As eviction moratorium eases, overwhelmed renters turn to nonprofit for legal help

By: - June 15, 2021 6:00 am

Legal Aid Center of Southern Nevada hosts an event to help renters respond to eviction notices. (Photo: Michael Lyle)

After six years of renting their home, Angelica Apodaca and Jose Erbella were given a 30-day eviction notice this month after learning the owner had sold the property. It was followed up by a seven-day notice for unpaid rent. 

Parish Packer, who fell behind rent by nearly $4,000 while she was searching for work, received a seven-day notice at the beginning of the month. 

After his pay was unexpectedly cut, Andrew Irvine was $400 short on rent and given notice to pay or quit. 

Facing uncertainty and fearing the prospect of homelessness, they were among the renters who sought help from the Legal Aid Center of Southern Nevada Saturday.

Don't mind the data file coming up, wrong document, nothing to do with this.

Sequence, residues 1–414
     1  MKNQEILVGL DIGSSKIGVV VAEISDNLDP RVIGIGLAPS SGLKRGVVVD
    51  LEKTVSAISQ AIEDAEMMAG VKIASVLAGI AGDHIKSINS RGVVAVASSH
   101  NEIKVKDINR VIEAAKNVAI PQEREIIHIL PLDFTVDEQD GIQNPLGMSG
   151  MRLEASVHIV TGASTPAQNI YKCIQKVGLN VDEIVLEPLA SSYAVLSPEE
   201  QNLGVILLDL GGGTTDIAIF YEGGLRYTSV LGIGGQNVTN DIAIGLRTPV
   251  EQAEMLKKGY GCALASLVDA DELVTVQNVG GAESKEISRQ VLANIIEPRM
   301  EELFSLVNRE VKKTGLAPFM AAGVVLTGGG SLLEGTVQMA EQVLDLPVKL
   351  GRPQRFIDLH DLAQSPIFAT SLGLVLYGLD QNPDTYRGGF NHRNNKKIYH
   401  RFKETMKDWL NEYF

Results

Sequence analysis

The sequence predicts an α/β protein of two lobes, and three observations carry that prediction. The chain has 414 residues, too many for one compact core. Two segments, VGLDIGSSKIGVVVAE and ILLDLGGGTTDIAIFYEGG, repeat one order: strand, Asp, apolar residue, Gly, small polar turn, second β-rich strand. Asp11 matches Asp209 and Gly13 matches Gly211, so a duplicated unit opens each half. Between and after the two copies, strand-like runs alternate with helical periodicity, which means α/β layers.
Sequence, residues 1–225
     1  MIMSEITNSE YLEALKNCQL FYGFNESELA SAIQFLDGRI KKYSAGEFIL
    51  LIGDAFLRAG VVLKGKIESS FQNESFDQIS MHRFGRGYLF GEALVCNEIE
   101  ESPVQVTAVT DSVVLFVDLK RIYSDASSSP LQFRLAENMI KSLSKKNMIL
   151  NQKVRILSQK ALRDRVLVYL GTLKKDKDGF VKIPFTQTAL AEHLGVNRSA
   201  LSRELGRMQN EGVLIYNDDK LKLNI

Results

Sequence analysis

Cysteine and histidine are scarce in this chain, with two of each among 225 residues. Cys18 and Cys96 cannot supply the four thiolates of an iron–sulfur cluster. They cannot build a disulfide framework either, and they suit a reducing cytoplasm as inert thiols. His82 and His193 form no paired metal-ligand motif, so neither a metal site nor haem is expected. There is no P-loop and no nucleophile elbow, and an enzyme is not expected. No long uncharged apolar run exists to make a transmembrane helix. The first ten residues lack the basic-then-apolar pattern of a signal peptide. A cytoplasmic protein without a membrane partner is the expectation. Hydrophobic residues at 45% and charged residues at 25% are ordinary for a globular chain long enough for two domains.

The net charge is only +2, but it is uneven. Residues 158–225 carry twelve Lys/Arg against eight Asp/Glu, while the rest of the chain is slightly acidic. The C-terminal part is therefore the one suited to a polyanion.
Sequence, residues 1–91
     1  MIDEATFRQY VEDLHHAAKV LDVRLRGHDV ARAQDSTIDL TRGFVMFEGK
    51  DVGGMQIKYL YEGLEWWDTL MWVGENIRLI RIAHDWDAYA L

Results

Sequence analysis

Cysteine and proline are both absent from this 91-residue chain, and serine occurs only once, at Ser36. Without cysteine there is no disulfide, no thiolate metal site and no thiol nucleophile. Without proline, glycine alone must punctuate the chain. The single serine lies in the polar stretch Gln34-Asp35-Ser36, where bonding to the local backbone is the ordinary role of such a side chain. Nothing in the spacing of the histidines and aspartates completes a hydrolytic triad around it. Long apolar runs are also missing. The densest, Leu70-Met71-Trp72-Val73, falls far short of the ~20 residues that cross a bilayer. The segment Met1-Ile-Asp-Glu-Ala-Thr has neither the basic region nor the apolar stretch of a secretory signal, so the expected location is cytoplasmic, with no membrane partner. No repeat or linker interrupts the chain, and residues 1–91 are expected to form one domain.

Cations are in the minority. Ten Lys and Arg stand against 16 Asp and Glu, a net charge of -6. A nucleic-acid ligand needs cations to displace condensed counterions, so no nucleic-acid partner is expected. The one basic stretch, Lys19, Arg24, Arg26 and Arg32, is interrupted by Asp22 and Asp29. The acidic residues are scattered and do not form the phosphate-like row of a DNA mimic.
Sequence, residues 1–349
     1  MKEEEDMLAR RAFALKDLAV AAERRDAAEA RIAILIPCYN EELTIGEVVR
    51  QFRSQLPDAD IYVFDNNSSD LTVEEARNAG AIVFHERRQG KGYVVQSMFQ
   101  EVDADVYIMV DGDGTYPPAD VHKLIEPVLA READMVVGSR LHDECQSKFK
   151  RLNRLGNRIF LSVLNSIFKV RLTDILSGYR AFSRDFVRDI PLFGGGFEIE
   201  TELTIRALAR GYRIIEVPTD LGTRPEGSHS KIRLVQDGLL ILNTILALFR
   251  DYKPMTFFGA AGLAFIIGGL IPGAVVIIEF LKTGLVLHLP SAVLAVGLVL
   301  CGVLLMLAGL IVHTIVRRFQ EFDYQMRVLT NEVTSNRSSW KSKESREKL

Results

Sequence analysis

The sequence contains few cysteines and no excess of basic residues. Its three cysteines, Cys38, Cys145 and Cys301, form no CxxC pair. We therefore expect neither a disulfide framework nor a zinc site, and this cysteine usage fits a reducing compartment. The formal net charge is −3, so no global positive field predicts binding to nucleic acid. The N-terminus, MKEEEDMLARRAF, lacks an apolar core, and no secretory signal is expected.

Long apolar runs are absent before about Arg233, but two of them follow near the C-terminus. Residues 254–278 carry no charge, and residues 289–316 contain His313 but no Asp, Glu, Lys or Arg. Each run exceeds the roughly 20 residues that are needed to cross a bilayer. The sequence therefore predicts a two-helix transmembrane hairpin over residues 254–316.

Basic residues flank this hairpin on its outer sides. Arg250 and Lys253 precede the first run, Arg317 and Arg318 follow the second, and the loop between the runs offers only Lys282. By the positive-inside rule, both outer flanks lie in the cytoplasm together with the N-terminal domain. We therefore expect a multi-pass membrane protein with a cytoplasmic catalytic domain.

Nevada’s eviction moratorium lifted June 1 and many landlords have resumed filing notices for nonpayment of rent. 

“A landlord can still file an eviction, but they can’t lock you out,” said Jim Berchtold, the directing attorney of the Consumer Rights Project at Legal Aid Center of Southern Nevada. “But if you don’t file an answer, you’re going to end up evicted.”

Nevada’s summary eviction process, which automatically grants an eviction without a court hearing if the tenant does nothing, means people have to file an answer to avoid being locked out.

The first week following the end of the moratorium, Berchtold said there was still confusion around what landlords could and couldn’t do. 

The Centers for Disease Control and Prevention emergency order prevents landlords from locking out most tenants who submit their declarations until July 1 — it doesn’t apply to nuisance-based evictions. Assembly Bill 486, which was signed into law June 4, also pauses an eviction when tenants have applied for rental assistance. 

Eviction notices, filled with fine print and large legal words, can be intimidating to the average person, which is why Legal Aid has been hosting events in the community to provide direct assistance.